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Ian Hamilton is a contributor to the Game Accessibility Guidelines
Below are some quite astounding snippets on why access to gaming is so important:
The games industry generates 82billion/year, a figure that is growing steadily year on year. Gobal cinema box office is 38bn, and the global music industry is 15bn.
Candy Crush alone in every quarter earns the same as a hollywood blockbuster movie. Viewing figures for esport finals now regularly beat viewing figures for traditional sport finals (e.g. http://static.ongamers.com/uploads/original/0/10/7866-superdata+esports+research+brief-page-004.jpg).
A common misconception is that people with disabilities wouldn’t want to play games, i.e. that disability prevelance is lower amongst gamers than in the wider population.
Popcap (makers of bejewelled and peggle) wanted to test this assumption, and commissioned some wide-scale research into their own casual gaming demographic. The prevelance stat they got back was 20.5%, which is actually higher than in the general population. There were many additional reasons cited for wanting to play games, including escapism, physiotherapy, inclusion, and even pain relief, the intense concentration needed actually reducing the need to take medication. http://www.prnewswire.com/news-releases/survey-disabled-gamers-comprise-20-of-casual-video-games-audience-57442172.html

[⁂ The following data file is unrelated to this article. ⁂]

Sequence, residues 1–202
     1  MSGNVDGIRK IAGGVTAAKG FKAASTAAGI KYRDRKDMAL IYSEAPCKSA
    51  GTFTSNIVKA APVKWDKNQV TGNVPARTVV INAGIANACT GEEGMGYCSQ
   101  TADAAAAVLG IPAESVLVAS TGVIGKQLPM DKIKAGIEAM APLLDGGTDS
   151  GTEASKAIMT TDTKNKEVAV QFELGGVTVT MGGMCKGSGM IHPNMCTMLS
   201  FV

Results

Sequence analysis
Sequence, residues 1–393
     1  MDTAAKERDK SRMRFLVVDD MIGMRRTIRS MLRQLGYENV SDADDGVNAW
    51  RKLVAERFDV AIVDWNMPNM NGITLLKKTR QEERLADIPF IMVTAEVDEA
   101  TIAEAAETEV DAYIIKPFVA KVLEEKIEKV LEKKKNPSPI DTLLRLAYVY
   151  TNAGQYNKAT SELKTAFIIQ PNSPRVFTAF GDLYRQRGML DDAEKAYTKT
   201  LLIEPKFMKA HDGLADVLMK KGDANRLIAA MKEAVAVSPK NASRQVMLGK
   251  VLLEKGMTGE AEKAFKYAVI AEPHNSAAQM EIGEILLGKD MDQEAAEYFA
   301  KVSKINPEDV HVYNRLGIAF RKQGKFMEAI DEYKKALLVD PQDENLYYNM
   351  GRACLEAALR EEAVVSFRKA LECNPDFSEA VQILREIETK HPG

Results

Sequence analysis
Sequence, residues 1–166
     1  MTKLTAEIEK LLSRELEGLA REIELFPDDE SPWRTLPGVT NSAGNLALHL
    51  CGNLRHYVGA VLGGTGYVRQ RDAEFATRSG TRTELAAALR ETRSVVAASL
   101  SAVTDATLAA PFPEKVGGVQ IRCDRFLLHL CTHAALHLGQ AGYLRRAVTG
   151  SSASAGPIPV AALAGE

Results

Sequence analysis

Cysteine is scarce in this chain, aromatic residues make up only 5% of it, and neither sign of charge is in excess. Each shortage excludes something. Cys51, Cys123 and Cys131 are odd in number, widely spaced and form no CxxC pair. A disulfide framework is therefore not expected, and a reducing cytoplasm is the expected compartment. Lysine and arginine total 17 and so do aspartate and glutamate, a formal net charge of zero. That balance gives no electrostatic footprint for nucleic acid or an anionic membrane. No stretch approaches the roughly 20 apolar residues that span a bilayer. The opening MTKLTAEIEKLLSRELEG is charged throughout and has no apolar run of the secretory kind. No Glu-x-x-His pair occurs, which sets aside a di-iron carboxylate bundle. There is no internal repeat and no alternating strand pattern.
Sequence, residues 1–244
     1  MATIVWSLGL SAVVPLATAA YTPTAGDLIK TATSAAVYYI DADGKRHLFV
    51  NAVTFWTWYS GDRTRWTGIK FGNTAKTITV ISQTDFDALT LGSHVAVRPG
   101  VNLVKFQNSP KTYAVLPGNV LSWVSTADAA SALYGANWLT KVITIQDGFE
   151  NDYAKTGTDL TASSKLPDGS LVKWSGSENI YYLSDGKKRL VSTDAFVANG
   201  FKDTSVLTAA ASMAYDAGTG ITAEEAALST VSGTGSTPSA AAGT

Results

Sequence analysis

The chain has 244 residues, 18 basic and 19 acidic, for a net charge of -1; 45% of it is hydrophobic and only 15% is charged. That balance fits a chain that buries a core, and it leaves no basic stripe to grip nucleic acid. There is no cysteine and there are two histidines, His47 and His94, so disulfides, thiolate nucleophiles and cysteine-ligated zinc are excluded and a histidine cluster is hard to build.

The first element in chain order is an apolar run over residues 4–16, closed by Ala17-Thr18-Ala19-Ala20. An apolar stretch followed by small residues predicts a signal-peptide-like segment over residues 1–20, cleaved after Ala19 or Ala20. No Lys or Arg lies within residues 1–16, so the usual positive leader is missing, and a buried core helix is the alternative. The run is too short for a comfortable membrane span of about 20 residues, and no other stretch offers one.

The Last Door spent two days implementing an alternative dyslexia font option. Of the first 150,000 people to play through to completion, 13.78% chose to do so with the (less aesthetically appealing) dyslexia font enabled. 12.33% of the players who completed the game did so with closed captions turned on. See the article about last door accessibility.
MUDRammer spent two days implementing voiceover support. Now, 13% of MUDRammer players have voiceover enabled, 13 times higher than the prevalence of blindness in the general population.
Solara spent two weeks implementing voiceover support into a highly visual strategy game. The proportion of their players who use voiceover is 1%, in line with general population prevalence. Economically, that 1% hit above their weight. They are far more loyal than other players, playing for longer, and spending far more in in-app-purchases than anyone else.
If you would like to contribute to the future direction of accessible gaming by filling out this Game Accessibility Survey.